Privacy push a response to public demand

PRIVACY is looming as a major issue for business of the same magnitude as Y2K and the GST. And, just as with those two crises, the message is being broadcast that privacy will build better businesses.

A breakfast for 190 organised by Business News last week – which featured addresses by Federal Attorney General Daryl Williams, Deacons Lawyers partner Mark Fitzgerald, and BDO managing partner and Institute of Chartered Accountants national deputy president Geoff Brayshaw – was told that compliance with the Privacy Act was good for business.

The Privacy Act comes into effect on December 21 and small businesses turning over less than $3 million a year will be exempted in most cases.

And, unless they are involved in the health industry, small businesses drawn into the Privacy Act, such as those with a subsidiary turning over more than $3 million or working on a Federal Government contract, have until December 21 2002 to comply.

Those businesses exempted from the Act can “opt in” to the privacy system, which means they will have to meet the 10 National Privacy Principles.

If they prove they can meet the principles, they will be awarded the National Privacy Seal.

To prepare for the arrival of Y2K businesses were forced to upgrade their computer systems to beat the threat posed by the bug.

With GST, small businesses were told they would become better because the Business Activity Statement would force them to look at their accounts more often.

Small Business and Enterprise Association executive director Philip Achurch said that, while privacy could bring small businesses a marketing advantage, he does not believe many businesses will opt into the new privacy regime.

“With the Y2K I always said it was much ado about nothing, but from a straight business efficiency point of view, upgrading computer systems was a good thing,” he said.

“The GST is making some small businesses operate more efficiently.”

Mr Brayshaw said privacy had to be taken on board because the public wanted it.

“This is government reflecting public sentiment,” Mr Brayshaw said.

“It’s really a question of whether the Government has struck the right balance with legislation and it worries me that the Privacy Commissioner’s guidelines are so detailed.”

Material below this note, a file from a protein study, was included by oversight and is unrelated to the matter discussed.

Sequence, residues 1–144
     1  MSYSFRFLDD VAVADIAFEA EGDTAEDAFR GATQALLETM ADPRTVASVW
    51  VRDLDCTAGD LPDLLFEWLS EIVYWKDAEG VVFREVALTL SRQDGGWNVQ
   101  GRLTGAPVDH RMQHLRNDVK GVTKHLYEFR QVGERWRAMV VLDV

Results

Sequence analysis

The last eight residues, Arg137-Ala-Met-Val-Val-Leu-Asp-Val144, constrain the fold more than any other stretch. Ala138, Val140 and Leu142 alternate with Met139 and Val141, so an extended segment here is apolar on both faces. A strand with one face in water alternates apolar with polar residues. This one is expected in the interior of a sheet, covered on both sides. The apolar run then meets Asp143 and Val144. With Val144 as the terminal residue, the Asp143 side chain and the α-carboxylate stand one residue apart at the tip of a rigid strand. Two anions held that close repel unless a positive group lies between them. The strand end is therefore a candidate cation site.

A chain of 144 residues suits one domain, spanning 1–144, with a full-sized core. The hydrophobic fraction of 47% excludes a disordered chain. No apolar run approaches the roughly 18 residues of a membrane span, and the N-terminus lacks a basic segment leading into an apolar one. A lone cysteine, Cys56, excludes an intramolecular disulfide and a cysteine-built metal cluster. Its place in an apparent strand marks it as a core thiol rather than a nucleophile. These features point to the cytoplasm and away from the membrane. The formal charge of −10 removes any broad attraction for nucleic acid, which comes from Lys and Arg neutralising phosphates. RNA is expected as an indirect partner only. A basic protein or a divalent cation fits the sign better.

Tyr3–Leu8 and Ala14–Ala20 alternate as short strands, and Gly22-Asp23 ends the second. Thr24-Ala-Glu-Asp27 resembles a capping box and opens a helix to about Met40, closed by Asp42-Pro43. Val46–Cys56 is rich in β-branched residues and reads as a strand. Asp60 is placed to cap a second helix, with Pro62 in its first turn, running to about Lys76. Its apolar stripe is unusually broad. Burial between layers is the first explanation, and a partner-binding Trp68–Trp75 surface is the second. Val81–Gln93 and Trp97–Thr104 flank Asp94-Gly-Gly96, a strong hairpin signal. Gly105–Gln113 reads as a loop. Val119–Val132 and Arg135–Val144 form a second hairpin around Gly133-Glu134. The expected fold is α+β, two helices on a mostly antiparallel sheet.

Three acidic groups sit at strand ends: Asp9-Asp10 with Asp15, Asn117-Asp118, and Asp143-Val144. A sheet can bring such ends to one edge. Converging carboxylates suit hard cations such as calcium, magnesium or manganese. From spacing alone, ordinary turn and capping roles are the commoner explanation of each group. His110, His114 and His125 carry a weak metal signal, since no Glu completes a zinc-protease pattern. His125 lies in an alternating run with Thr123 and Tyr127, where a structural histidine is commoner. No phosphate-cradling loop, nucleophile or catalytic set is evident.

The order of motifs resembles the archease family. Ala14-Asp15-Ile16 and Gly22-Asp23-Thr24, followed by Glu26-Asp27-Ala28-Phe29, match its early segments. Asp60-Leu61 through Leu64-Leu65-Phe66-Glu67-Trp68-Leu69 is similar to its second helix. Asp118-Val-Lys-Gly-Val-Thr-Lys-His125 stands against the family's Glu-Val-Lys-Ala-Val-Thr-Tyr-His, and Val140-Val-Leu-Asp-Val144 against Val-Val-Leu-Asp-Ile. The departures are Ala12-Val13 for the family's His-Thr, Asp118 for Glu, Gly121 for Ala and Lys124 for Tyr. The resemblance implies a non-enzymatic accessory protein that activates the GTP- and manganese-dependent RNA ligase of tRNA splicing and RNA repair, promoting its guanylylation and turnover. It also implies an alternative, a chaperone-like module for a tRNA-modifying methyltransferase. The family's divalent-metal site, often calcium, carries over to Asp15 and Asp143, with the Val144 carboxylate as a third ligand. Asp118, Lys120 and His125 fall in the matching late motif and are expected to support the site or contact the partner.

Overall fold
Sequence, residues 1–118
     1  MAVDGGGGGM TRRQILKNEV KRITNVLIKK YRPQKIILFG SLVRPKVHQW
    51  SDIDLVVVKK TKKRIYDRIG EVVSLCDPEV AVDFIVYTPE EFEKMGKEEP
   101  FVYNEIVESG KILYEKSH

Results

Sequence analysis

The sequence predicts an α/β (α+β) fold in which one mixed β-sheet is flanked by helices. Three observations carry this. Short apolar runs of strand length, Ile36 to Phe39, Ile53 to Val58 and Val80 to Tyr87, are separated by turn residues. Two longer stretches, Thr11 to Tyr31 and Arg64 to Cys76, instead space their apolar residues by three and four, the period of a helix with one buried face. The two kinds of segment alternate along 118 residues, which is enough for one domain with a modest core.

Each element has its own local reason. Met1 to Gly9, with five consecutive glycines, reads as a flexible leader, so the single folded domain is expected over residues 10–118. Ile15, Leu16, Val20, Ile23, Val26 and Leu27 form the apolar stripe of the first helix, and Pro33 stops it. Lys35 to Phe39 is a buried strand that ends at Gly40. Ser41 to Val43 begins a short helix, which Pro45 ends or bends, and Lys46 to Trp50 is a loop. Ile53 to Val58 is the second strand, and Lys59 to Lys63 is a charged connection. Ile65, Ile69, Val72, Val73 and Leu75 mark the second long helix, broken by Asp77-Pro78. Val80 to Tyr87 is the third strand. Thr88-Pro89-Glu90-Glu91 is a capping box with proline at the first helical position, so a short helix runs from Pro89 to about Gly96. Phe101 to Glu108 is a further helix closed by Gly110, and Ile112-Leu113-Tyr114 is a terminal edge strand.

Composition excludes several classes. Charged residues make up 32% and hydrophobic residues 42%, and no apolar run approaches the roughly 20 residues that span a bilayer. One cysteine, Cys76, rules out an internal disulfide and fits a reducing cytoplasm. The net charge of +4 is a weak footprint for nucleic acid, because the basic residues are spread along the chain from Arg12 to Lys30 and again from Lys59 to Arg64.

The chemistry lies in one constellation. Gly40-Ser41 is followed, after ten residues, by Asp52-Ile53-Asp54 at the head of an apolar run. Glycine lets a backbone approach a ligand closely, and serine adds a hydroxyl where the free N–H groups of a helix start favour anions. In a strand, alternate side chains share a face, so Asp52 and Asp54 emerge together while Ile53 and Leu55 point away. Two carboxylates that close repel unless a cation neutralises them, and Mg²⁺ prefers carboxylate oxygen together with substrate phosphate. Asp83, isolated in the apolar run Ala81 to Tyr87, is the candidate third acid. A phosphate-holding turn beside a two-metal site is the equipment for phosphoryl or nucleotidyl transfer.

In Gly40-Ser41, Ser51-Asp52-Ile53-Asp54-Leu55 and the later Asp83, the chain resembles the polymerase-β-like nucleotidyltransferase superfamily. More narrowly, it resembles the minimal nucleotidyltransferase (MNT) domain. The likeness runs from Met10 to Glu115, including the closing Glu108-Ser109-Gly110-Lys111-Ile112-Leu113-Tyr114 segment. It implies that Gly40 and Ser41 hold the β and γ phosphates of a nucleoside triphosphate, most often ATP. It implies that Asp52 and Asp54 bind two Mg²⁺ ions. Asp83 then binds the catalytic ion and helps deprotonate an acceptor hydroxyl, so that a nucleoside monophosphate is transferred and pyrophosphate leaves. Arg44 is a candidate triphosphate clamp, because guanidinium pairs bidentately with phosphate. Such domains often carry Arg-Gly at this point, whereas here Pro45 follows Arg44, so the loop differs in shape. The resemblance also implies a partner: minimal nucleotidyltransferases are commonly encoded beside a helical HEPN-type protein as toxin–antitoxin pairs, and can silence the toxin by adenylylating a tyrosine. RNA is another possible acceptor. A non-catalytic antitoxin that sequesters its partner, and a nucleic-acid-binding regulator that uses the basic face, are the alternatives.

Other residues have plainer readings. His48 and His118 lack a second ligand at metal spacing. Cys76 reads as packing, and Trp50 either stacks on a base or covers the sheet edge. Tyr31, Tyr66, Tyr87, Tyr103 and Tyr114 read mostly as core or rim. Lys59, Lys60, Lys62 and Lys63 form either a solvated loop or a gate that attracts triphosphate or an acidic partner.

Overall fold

After his address to the breakfast, Mr Brayshaw said there was a grain of truth in the claims that both Y2K and the GST had made businesses better.

“Y2K forced people to do something about their computer systems and they benefited from it,” he said.

“The BAS has given businesses the impetus to produce better accounting information, but a lot of the benefits have been hidden behind the other statistical information the Australian Tax Office is trying to collect from the form.”

Shorter Group partner Debra Shorter said she found it hard to understand how a business could gain a marketing advantage by taking on the privacy principles.

“In our business we already have the option of providing clients with a confidentiality agreement,” she said.

“This is just good business practice that already exists with businesses that operate ethically.

“Clients are hardly likely to work with a business that has poor practices in this area.”

Curtin University’s Small Business Unit executive director Tim Atherton believes those businesses operating well will be able to take any Privacy Act obligations in their stride.

“It’s usually the businesses that are struggling to make a living that get hit hardest by these sort of things,” Mr Atherton said.“It becomes another burden that has a disproportionate effect on the business.”

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